The SNP wants independence from the electorate

Sturgeon wants EU membership, not self-determination.

Neil Davenport

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Topics Brexit Politics UK

Scotland’s first minister and Scottish National Party (SNP) leader, Nicola Sturgeon, has once again called for a second referendum on Scottish independence. In a speech in Holyrood last week, she said that if Britain leaves the European Union, she wants another vote on Scotland’s future by 2021. Her argument is that, as a majority of Scots voted to Remain in the EU, Scotland’s circumstances have changed, and voters must have another opportunity to decide whether or not they want independence from the union with England and Wales.

Fifty-five per cent of Scottish voters rejected independence in the 2014 referendum, but Sturgeon and the SNP still haven’t accepted the outcome. Clearly, it wasn’t a ‘once in a lifetime’ vote on the Scottish question, as it was framed at the time. The SNP views the 2014 result as a temporary setback on the long march towards independence. No real attempt has been made to change Unionists’ minds, and it is starting to show. Since the SNP swept the board in the 2015 General Election, voters have taken every chance they have been given to rein in the SNP’s dominance over Scottish politics.

While it is still the largest party in the Scottish parliament, it lost its overall majority in 2016. In the 2017 UK General Election, the SNP lost 21 of its Westminster seats, due to the resurgence of the Scottish Conservatives. Meanwhile, the majority of Scottish voters do not want a second independence referendum. A recent Survation poll found that just 21 per cent are in favour of another vote.

Clearly, Sturgeon is another politician who doesn’t respect democratic mandates. As with the elite Remainers behind the misnamed People’s Vote campaign, the SNP does not believe constitutional issues are settled by the people. And the comparison between the SNP and Continuity Remain cuts deeper than them both being sore losers and anti-democrats. Scottish independence is the twin sister of Remainer Europhilia. Both are built on a dislike of the British nation state. And, similar to elite Remainers, Scottish nationalists represent a middle-class ‘Third Way’ kind of politics, which is set against Old Labour and the traditional Conservatives. The SNP has been a consistent advocate for technocratic politics for the past decade or more.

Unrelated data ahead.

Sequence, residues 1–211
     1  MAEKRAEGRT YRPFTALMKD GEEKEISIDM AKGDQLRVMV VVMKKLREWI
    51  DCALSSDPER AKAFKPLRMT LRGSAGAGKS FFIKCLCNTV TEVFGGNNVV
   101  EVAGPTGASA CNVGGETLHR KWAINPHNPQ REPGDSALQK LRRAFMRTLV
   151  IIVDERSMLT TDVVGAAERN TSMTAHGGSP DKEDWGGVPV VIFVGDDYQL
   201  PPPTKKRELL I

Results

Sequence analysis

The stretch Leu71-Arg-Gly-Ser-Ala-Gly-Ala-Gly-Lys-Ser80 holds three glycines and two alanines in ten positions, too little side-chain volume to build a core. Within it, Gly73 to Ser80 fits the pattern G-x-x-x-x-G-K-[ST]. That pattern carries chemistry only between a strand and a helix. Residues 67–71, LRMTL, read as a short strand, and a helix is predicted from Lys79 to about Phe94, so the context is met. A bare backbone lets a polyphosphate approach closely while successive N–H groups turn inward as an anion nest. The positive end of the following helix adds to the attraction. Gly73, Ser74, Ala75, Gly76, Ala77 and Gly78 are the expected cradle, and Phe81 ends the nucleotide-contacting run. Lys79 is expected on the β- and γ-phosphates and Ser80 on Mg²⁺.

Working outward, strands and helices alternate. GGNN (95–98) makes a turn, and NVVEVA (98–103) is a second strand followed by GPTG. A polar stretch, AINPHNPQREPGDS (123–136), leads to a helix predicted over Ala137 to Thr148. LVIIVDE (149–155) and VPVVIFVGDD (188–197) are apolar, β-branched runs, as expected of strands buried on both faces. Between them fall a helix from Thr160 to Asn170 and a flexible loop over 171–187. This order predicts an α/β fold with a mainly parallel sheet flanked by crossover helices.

Indeed, the SNP’s dominance in Scotland was partly down to New Labour in the first place – and I don’t just mean New Labour’s introduction of devolved assemblies in 1999. New Labour’s self-flagellation over Britain’s imperial history enabled the SNP to present Scotland as being oppressed by ‘English rule’. But, in truth, the Braveheart posturing only whitewashed Scotland’s major role in the development of the British Empire. Consequently, the notion of Scottish exceptionalism — that it is a progressive, social-democratic haven atop backward England — gained traction among younger Scots. Self-flattering comparisons with ‘the English’ have provided a powerful sense of political identity north of the border.

But Sturgeon is not a liberal nationalist in any meaningful sense. Many SNP members baulk at the idea of gaining independence only to be submerged as a tiny ‘member state’ within the EU, which is what the SNP leadership wants. Sturgeon is as dismissive of national sovereignty as any hardcore Remainer. What’s more, the SNP’s illiberal policies – from the sinister Named Person scheme to its crackdown on drinking and offensive football chants – show that it doesn’t trust Scottish people to make autonomous decisions. The public opposition to these policies is generally ignored. Given the SNP’s fear and loathing of the Scottish people, it is difficult to see how it could actually trust them with self-rule.

This is what lies behind Sturgeon’s announcement this week. Scottish independence today is not about gaining independence, about becoming a self-governing nation. Rather, it is about finding another way to remain in the EU. EU membership is more of a priority for Sturgeon than the goal of Scottish self-rule. This is because EU membership strengthens the kind of suffocating, unaccountable, rule-based diktat that the SNP specialises in. Nicola Sturgeon doesn’t want independence from London – she wants independence from Scottish voters.

Neil Davenport is a writer based in London.

Picture by: Getty.

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Topics Brexit Politics UK

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